Faw Casson

Audits and Reviews

  • Audits/Audited Financial Statements
  • Reviews/Reviewed Financial Statements
  • Compilations/Compiled Financial Statements
  • Prepared Financial Statements
  • Internal audits or reviews
  • Agreed Upon Proceedures 
  • SALT: State of Local Tax reviews
  • Risk-based audits
  • Sales and use tax reviews and audits
  • State and Local Tax reviews (SALT)

Need to Know

Q. Do I need an audit?

Often, we receive calls asking, “How much will it cost for an audit of my company?”  This question inspires several of our own because we have found that when a person inquires about an “audit” it could really mean many different things.  In accounting, an audit is something very specific but for others not in the industry, an “audit” request could be a financial statement in general or a review of controls verifying transactions were accurate.  What we need to do is ask questions to determine what service is really needed.
A typical starting point would be to find out why they are asking for an audit.  It could be for bank financing, requirement of by-laws, a vendor request, or they may describe some other situation altogether.  If it is a result of bank financing or by-laws, we ask to see the documents to determine what exactly is required.   If it is something else, we will continue to follow-up to see what exactly the needs are so we can provide them with the information they really want.
In order to help determine what type of engagement is required, below is a little synopsis about the different types of specific services.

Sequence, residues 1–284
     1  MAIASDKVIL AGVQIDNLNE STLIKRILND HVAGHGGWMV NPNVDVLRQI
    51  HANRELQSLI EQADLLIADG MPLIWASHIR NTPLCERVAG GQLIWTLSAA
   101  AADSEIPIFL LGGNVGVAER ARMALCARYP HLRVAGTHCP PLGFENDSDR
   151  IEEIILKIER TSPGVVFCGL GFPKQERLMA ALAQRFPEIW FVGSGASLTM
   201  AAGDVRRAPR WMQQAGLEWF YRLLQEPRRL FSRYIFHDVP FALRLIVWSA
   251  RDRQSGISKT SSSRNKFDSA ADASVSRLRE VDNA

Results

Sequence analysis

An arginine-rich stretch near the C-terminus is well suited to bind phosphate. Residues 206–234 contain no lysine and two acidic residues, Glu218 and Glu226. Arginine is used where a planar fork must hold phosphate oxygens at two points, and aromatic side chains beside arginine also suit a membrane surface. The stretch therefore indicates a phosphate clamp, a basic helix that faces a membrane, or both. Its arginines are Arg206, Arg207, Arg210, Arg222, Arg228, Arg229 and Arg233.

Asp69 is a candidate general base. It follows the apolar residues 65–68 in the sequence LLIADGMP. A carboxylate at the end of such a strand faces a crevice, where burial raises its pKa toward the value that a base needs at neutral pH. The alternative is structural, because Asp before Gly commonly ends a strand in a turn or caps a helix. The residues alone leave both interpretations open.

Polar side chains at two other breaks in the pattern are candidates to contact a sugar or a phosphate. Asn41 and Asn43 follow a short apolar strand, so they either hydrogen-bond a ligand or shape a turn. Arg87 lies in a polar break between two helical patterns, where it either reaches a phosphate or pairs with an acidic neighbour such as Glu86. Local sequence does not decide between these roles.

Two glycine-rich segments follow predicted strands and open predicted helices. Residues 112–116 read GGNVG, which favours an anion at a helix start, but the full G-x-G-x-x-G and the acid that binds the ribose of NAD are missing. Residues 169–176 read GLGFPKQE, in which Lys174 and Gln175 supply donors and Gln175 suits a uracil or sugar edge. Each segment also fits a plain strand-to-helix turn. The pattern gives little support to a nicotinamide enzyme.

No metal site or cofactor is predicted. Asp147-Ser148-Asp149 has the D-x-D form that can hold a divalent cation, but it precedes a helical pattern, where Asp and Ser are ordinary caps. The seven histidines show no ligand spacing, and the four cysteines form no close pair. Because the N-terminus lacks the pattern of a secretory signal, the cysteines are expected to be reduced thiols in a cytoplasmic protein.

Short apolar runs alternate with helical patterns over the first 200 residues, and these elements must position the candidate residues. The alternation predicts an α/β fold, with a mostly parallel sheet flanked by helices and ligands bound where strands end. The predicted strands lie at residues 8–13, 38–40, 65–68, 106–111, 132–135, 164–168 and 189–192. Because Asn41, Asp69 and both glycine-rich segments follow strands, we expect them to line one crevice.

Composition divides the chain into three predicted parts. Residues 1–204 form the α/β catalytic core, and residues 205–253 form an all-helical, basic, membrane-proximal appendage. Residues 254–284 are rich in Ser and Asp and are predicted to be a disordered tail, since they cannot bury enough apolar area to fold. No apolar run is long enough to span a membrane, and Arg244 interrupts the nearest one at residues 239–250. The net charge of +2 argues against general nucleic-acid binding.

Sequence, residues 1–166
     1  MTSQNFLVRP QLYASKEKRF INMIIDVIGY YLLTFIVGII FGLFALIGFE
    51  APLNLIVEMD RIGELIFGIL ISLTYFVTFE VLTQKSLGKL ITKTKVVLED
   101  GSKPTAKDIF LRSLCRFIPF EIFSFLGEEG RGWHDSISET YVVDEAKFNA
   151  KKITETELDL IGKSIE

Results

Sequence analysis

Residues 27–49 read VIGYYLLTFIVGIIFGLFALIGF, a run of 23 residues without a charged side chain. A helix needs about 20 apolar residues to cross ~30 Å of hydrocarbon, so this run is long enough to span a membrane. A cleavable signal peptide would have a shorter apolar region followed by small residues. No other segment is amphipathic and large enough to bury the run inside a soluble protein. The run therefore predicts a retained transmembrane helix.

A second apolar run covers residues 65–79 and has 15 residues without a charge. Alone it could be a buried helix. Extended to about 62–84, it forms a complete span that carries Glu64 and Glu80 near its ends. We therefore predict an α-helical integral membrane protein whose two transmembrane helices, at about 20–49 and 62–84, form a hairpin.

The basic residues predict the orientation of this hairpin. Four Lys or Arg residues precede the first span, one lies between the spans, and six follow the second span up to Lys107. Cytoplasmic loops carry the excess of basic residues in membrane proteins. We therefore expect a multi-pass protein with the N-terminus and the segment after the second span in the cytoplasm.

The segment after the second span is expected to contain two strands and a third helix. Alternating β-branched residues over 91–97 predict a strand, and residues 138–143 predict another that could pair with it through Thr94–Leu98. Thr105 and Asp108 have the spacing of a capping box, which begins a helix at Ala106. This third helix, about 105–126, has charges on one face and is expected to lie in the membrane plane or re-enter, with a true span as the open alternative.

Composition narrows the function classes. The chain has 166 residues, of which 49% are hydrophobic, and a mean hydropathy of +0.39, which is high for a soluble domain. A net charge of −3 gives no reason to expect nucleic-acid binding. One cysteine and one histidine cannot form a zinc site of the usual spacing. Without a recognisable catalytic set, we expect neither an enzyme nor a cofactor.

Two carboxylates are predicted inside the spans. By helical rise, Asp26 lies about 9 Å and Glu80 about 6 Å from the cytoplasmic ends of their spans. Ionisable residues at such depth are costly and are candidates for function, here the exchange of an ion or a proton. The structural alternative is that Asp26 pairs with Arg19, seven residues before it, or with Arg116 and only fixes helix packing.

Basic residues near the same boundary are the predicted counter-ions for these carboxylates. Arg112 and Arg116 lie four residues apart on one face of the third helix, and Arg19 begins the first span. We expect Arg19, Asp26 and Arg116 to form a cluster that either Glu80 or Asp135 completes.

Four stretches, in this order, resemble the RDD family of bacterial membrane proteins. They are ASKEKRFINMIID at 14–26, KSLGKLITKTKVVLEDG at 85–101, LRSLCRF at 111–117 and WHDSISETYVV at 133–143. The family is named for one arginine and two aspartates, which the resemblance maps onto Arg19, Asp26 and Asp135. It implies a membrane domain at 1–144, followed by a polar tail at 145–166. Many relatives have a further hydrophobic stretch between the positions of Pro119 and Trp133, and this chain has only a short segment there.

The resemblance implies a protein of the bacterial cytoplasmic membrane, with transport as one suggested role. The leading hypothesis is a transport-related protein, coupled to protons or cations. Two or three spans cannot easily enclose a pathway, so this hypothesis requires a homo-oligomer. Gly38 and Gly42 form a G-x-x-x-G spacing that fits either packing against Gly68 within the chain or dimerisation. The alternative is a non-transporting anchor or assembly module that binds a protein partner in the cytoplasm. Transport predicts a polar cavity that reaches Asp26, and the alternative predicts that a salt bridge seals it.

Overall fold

Audited financial statements provide an opinion that the statements are presented fairly, in all material respects.  In performing the audit, we must consider controls at the company, which means considering what policies and procedures are in place to help prevent errors or fraud. We do this by talking with the owners and employees, as well as reviewing various transactions.  Our review of transactions, including the supporting documents (invoices, purchase orders, account detail) is to see processes are in place and that the transactions are being recorded and reported correctly.  An audit does provide assurance. The auditor is giving an opinion, that the financials are free from material misstatements based on the information, or audit evidence, obtained.  Audited financial statements are required to include disclosures pertaining to accounts, transactions, company procedures or commitments and contingencies.
Reviewed financial statements provide limited assurance there are no material modifications needed on the financial statements.  In a review, we are still gathering some information about the company and how it operates but at a lower level than an audit. We must document expectations and perform analytics as well as perform inquiries of management.  Some account detail or transaction detail may be reviewed but to a much lesser extent than an audit.  A review provides a conclusion on the financial statements. Is affirms that we are not aware of any material modifications that should be made to the statements.  Reviewed financial statements also are required to include disclosures pertaining to accounts, transactions, company procedures or commitments and contingencies.